Kelly’s book begins with a look at how Ballet when it first started in the seventeenth century was completely male centered and French court based, with the particular example being Louis XIV the Sun King . Kelly’s quite detailed account of how ballet transitioned from being a means of teaching aristocratic boys and men proper form for court appearances, fencing and military manoeuvres to its becoming an avenue of social advancement for lower-class women is informative and fascinating. Kelly spends much of her book examining how sex played an overwhelming role in the lives of 18th- and 19th-century ballerinas attempting to explain women’s dual nature as dancer and courtesan.
Kelly’s two main themes are that whilst dancers have been treated with less than respect and kindness, they have maintained an illusion of poise, purity, daintiness and virtue since the days of Louis XIV, (who established what is now the Paris Opera Ballet), despite the harsh realities of their lives. The illusion often disguised hidden lives as courtesans or even prostitutes. As a result, the public image of dancers is divided.
Louis XIV’s establishment of the Académie Royale de Danse in 1661 changed ballet. The school’s director, Jean-Baptiste Lully, finding the nobility unable to perform his new “opera ballets” at the Paris Opéra, opened the school to the lower classes. Unexpectedly, now even illegitimate daughters of the poorest citizens could learn to behave like ladies of high birth. With their talent came status: “Many women dancers seized the opportunity to dance professionally, acquiring social prestige and, in some cases, vast stores of wealth even though their origins were humble.”
Detailed analysis of the life and loves of famous ballerinas such as Prevost , Salle, Camargo, Taglioni, Grisi are included, as well as the terrible deaths of Emma Livry and Giuseppina Bozzachi. Links are made to the terrible burning of ballerina Janine Charratt in 1961.The gruelling, extremely hard life of ordinary ‘petit rats’ at the Opera is defined with a look at the lives of the von Goethem sisters, one of whom, Marie , was the model for Degas ‘ the Little Dancer ‘ sculpture.
The juicy tale is told of one great seventeenth century ballerina, Marie-Madeleine Guimard, who maintained a stellar career while amassing a fortune as part owner of a series of “Pornographic theatres” (Kelly never quite defines this). Ballerinas at that time often somehow juggled multiple lovers from business, clergy, and royalty who supported them. Since many originally came from great poverty, they often supported their families with these extra-curricular activities, many of which came to an end with the French Revolution.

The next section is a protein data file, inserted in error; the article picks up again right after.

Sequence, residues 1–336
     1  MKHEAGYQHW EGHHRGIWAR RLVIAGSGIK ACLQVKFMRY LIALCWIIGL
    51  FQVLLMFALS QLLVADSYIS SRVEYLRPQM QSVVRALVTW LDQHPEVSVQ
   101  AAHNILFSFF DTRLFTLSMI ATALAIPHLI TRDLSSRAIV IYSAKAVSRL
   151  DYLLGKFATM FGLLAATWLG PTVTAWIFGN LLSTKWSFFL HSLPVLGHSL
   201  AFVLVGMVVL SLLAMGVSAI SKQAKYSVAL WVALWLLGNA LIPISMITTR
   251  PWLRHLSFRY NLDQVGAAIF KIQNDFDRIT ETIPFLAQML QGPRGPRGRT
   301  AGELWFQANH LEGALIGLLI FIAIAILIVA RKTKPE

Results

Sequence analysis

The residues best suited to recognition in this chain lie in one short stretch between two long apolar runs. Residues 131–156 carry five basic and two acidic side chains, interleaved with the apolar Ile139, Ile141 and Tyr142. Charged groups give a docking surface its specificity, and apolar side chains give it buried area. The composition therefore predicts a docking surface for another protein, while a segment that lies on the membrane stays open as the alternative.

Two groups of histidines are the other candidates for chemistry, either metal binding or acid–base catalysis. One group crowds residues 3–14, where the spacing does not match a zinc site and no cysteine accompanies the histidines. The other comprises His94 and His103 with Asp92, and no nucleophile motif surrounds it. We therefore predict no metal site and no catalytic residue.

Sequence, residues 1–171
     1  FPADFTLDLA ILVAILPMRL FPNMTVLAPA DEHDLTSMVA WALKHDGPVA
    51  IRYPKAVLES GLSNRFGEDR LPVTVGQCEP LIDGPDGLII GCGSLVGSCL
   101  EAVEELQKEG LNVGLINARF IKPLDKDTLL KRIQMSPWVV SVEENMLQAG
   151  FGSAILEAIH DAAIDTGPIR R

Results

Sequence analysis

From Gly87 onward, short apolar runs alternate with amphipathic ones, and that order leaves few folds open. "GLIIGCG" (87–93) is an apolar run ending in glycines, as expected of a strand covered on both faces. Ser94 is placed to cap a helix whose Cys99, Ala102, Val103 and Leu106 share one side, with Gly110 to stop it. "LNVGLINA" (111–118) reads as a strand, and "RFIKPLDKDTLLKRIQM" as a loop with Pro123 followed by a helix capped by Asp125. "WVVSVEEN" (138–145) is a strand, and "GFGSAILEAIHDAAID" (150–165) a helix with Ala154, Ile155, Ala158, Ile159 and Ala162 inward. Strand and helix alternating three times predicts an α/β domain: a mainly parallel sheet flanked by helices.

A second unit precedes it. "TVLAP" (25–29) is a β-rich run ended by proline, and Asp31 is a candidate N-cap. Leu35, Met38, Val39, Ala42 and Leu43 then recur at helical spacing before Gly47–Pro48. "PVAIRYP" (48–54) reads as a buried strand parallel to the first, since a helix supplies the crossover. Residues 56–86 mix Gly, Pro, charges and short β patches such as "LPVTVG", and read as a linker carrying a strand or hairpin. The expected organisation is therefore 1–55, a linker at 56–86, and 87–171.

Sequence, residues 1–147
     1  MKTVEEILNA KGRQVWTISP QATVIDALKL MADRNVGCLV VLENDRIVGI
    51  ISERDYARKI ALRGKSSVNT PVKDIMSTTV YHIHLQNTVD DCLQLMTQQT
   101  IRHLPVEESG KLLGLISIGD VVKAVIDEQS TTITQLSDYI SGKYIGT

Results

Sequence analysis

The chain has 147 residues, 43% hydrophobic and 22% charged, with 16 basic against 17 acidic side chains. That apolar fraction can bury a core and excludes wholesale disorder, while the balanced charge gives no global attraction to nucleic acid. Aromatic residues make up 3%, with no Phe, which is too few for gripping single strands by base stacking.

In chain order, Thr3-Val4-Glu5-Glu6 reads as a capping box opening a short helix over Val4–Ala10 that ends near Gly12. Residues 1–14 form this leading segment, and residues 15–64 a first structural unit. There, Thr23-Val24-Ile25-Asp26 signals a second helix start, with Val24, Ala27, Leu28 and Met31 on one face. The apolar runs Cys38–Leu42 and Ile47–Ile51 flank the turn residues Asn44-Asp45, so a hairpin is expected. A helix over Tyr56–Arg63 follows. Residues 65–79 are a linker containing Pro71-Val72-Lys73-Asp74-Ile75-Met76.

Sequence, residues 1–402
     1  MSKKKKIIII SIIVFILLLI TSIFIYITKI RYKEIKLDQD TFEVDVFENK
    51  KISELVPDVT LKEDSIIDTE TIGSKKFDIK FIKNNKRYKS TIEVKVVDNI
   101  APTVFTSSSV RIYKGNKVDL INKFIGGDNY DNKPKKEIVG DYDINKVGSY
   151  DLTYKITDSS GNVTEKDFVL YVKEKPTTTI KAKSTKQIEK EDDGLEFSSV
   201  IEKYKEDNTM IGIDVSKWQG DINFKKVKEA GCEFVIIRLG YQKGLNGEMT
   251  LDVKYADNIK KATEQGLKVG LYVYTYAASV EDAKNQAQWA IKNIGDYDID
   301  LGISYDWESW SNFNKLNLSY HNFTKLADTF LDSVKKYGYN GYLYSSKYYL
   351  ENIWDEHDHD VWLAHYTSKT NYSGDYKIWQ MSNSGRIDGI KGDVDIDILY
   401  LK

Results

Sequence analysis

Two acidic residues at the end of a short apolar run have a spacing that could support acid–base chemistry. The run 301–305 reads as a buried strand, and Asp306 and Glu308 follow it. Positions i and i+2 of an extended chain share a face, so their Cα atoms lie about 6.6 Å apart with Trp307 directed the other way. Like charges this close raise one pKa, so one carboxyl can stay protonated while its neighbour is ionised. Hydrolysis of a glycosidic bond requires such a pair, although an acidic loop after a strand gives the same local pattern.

From France we jump to Russia with particular attention to the lives of Pavlova, Karsavina and Kscessinska taking us through from roughly the 1870’s to the Diaghilev/Ballets Russes era. This then takes us through to Balanchine and then through to today.
In the 20th century, the renowned choreographer, George Balanchine was regarded as a benevolent dictator to many of his dancers, particularly to his own New York City Ballet. His preferred body type was taken as law by many dancers, who starved themselves or had plastic surgery to conform to Balanchine’s tastes. This was passed on virtually world- wide until roughly the late 1990’s and still worryingly prevails to a degree.
Kelly also scarily catalogues injustices carried out on contemporary Canadian ballerinas. She outlines the professional hardships of dancers Gizella Witkowsky, Kim Lightheart and Patricia Neary, and she details the behind-the-scenes story of ballerina Kimberly Glasco who made front-page headlines by launching—and eventually winning—a wrongful dismissal lawsuit against the National Ballet of Canada in 1998. Kelly often cites her own newspaper and magazine articles for these controversies, so they aren’t really new revelations, but when blended together in this way they’re very effective at painting a picture of the ageism and suffering at the ballet barre.
The book is almost completely European/American centered (the Royal Ballet doesn’t really get a mention, nor the Royal New Zealand Ballet) but from an Australian perspective it is interesting to observe that the American Ballet Theatre suffered strikes and other disputes at roughly the same time as the Australian Ballet did in the early 1980’s and for similar reasons (pay and work conditions).
Taking us right up to date the current Australian Ballet does in fact get a mention with quotes from principal Amber Scott, and a look at how here our fabulous company now helps dancers with its support team of doctors, physios trying to prevent injury and/or help injured dancers and keep them performing.
Balanchine has a lot to answer for. There has been a big change since the 1980’s with the desired ‘look’ now far more ‘lean and mean’ rather than thin and suffering and the understanding that bodies have to be healthy to perform .Today’s extremely athletic works are punishing and dancers need to eat properly and have a different shape to survive and perform. There are fascinating insights in Kelly’s book about body image, the prevalence of anorexia and bulimia in both dance schools and companies and how some dancers (Kirkland and Garritano) are punished for speaking out.
Another crucial issue raised is support – or lack of it – for dancers once they stop performing. Where do they go?! What do they do?! Are their skills and talents utilized? (Mostly no , they are ignored ). Some can teach or start their own school, but what of those who don’t? Mention is made of the Dancer Transition Resource Centre in Canada and there are scary statistics and examples of suicide and poverty, top artists being ignored once they are forced to retire. (Ausdance here in Australia has links to the OTPD, the international transition organisation). Ageism is a major issue raised in the last part of the book but no clear resolution is given.
With its compelling narrative and its rigorous research, this is a groundbreaking book about the hidden underside of the glamour and spectacle of the ballet world. It reads as a moral cautionary tale yet defiantly ends on a positive note. There is an excellent index and extensive bibliography as well as some delightful photos.
Lush , lavish and opulent this is a story of youthful , fragile innocence corrupted , a journey from glittering luxury to the depths of poverty and despair. A wonderful revival of the major full length Macmillan work, the Australian Ballet were in fine form and performed magnificently .The performance was richly detailed and the ensemble was impressive full of lowlife vigour and technically wonderful.